The Proper chants are imbued with a special kind of poetical power, which is lacking in strophic poetry, even in its most wonderful hymns. The chants of the Proper announce the great truths of Christian doctrine and liturgical theology, in most instances without direct didactic persuasion, and without decorating the teaching with lyrical ornaments. They are “poetical” by speaking with the vocabulary of the Bible, i.e. with adapted words. In a certain sense they resemble similes, chiefly when they quote from the Old Testament. The theological truths are transmitted, and yet — concealed in their intimacy. Simple words and images are, as it were, dropped into the mind of the listener, where they come to light; figurative speech becomes reality in prayerful silence. An authoritative expert in aesthetics has explained that the essence of great poetry is an enigmatic oscillation between layers of meaning, and between the temporal “reference points” (that is past, present and future) in a poem. This same oscillation is present in the liturgy not as an outcome of creative will, but in virtue of Divine Providence: the same Poet, God Himself, pronounced the Old Testament, uttered the Good News, and fulfilled (still fulfills) both in the sanctified life of the Church. When we sing a Proprium chant, we always think (or at least we feel or sense) more than is actually delivered by voice and lips. We surmise the fulfillment itself in the words, and therefore they are the words of the heavenly liturgy. This tactful, discreet poetry is hardly attainable by the plain language of ecclesiastical poetry. […]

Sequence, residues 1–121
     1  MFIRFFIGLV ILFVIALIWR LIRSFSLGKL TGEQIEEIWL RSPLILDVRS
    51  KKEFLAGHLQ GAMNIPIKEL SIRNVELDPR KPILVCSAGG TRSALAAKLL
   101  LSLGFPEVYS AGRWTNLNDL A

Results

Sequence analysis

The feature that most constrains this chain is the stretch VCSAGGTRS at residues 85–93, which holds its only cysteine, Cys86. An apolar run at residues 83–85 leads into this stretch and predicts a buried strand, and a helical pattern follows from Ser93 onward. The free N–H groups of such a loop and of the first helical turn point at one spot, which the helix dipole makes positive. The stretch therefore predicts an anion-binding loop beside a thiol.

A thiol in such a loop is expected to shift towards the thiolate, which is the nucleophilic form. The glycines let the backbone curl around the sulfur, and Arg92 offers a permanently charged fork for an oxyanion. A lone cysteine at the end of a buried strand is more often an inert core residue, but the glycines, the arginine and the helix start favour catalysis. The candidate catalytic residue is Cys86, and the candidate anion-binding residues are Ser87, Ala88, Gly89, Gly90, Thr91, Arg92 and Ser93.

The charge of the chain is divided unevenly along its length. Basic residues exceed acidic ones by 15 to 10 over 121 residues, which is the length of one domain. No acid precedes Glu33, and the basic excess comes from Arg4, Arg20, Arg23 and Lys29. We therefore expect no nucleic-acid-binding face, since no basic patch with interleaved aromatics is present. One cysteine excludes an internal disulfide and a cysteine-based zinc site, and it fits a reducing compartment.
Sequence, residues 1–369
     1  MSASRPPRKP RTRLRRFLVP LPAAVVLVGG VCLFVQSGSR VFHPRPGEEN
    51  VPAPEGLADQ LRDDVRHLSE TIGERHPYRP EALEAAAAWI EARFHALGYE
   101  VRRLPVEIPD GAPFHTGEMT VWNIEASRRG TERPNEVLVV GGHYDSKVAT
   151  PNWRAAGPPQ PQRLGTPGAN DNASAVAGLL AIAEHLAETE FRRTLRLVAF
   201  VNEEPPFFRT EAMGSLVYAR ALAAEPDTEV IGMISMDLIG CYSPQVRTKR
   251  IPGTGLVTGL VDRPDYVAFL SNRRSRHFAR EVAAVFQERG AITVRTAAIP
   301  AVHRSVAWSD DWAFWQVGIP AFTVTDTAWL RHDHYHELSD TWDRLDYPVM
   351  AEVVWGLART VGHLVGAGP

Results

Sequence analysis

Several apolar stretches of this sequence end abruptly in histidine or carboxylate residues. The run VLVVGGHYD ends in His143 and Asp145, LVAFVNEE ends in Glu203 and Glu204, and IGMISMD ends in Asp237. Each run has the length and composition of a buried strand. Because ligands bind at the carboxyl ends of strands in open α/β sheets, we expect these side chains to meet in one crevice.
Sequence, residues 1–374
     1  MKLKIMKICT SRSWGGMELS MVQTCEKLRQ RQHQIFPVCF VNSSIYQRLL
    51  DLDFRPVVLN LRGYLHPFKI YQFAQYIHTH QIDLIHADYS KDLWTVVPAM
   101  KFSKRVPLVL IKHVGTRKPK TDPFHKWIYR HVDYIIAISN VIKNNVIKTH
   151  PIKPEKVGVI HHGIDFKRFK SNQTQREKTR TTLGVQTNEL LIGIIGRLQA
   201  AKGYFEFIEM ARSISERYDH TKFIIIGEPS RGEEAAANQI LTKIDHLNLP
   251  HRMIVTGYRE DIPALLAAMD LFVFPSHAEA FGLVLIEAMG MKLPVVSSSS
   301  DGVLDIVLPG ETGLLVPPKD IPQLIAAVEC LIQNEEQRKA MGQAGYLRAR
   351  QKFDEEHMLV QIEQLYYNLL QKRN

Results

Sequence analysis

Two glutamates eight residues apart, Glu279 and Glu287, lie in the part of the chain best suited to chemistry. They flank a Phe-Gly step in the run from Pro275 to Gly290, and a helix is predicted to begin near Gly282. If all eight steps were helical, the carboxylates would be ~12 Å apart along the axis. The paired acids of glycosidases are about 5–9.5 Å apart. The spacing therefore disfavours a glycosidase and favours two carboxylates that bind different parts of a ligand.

With this in mind, I ask once more: where is the “alius cantus” [“anything else that is appropriate”] that is able to speak with such strength, such theological profundity, such poetic intimacy, but also with such simplicity, of the Paschal mystery? With what majesty does the celebration of Easter rise up out of the silent depths of this personal (and mystical) dialogue! And how powerful the pedagogical effect of this poetry which teaches us to regard our religion primarily as a very personal union with God, and not merely as adherence to a group of people, as it were, to a party or some “community.” We learn to seek this inner truth without despising the external form that delivers the inner meaning. It is enough to read (or better: to sing) the daily Introit chants of the Easter octave to see how the Mystery, with its many dimensions, unfolds in the Church’s chant.
Laszlo Dobszay, The Bugnini-Liturgy and the Reform of the Reform (2003)